Mother Nature didn’t notice the ‘lockdown’ and despite government advice she is in full swing. Butterflies skip along flowery verges, swifts scream through the centre of our villages and dragonflies hawk for prey over local ponds. 

As each summer closes I’m always left thinking I didn’t make the most of it and as a naturalist I always enter the autumn with this sense of misgiving: that rare orchid I intended to see or a particular ancient wood I wanted to visit has gone another year without my discovery. 

The great Bard reminds us that ‘summer’s lease hath all too short a date’ and as I get older the winters, despite being milder, seem longer and the summers that touch more fleeting. 

To search for Norfolk’s impressive and often nationally scarce wildlife one feels a trip to its peripheries is necessary. This year – despite having to stay local – I intend to have no regrets concerning another passing summer. 

With restrictions slowly lifted, a trip to a well-loved beauty spot seems tempting; although I suspect like me the thought of following the herd is not too appealing. 

Verges can be great for wildlife, such as this Roadside Nature Reserve, photo NCC

So here’s a call to those of us, ‘trapped’ in the heart of the county, to discover the wonderful wildlife around us. It has never been the case that one has to travel vast distances to delight in nature’s wonders, even the smallest overgrown patch has a surprising array of wildlife. Otherwise the local park, verge of a country lane or churchyard are excellent alternatives.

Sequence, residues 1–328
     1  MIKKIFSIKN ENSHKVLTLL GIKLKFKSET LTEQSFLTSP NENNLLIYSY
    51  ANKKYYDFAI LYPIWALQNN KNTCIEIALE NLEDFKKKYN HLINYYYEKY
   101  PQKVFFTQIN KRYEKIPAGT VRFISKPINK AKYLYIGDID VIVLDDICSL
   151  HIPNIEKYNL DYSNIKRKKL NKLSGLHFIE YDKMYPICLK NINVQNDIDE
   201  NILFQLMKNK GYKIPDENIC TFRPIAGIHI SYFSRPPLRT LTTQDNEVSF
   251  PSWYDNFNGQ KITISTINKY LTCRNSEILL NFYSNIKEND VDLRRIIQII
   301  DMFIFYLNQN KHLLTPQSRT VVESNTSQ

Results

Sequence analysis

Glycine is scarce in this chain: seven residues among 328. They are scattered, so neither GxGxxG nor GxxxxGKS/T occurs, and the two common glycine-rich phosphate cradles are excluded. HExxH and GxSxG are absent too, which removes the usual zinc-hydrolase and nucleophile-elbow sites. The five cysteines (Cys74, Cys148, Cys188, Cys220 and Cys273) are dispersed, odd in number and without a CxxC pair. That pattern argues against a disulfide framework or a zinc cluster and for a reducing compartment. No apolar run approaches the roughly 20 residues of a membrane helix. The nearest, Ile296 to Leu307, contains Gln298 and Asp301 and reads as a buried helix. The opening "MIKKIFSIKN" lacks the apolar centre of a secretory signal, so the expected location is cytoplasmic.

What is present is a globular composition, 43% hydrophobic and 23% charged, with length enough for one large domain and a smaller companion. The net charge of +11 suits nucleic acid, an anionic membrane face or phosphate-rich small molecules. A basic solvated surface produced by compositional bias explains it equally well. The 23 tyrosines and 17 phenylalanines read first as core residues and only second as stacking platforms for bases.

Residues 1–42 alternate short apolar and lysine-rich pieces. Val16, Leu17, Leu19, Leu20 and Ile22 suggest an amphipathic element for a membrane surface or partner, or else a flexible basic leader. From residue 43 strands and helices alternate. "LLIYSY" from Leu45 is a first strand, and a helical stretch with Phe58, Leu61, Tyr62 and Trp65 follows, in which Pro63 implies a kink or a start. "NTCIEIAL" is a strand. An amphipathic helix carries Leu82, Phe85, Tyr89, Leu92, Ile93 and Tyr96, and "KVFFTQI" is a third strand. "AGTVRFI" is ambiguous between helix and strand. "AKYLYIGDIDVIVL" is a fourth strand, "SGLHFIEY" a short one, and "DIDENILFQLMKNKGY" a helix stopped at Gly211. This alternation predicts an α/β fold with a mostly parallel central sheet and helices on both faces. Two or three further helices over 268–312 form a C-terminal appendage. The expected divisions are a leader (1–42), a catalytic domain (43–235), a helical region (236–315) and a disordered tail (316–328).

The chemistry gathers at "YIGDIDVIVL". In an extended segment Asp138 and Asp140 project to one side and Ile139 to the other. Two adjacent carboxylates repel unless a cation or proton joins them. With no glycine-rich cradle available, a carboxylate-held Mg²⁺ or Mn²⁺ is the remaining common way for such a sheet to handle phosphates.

Many people, possibly not noticing before, have commented that this year they can hear bird song, that our lanes are unusually flower-full or have followed butterflies, normally unhindered, alone the herbaceous boarder and encouraging them, normally unsuccessfully, to pose for a photo. 

I don’t believe nature is any more vibrant than previous summers. Perhaps this year, distinguished by confinement and restrictions, we are noticing nature with renewed appreciation. 

April and then May were wonderfully warm and pleasant, a tent of blue unsullied by aircraft vapour trails; for during the spring of 2020 one really did feel “you could reach right up and touch the sky”. The challenge now is to encourage this localised approach and continue in the spirit of community, whether buying locally produced food or taking ‘staycations’. 

Blue tit taking food to her young in a garden, credit Tig Worthington

Brought up on adventure books, Attenborough documentaries and a hankering for the rare and exotic, extensive world travel would suit my palate. But, in relation to wildlife conservation, the bird-watcher that concentrates on a local patch, puts up nest boxes, and scatters wildflower seeds is infinitely more conscientious than the globe-trotting list-ticking twitcher. 

The ease of which we can now travel doesn’t have to make it necessary or justified. A lesson to keep learning is that we can improve our local environment through the smallest of actions, even by just staying put. 

When walking was the only permitted activity, it sent me to corners of my local area I didn’t know were there, I found insects and plants I hadn’t encountered before and, after my many unfulfilled and chased summers, I finally realised home is where the heart is. 
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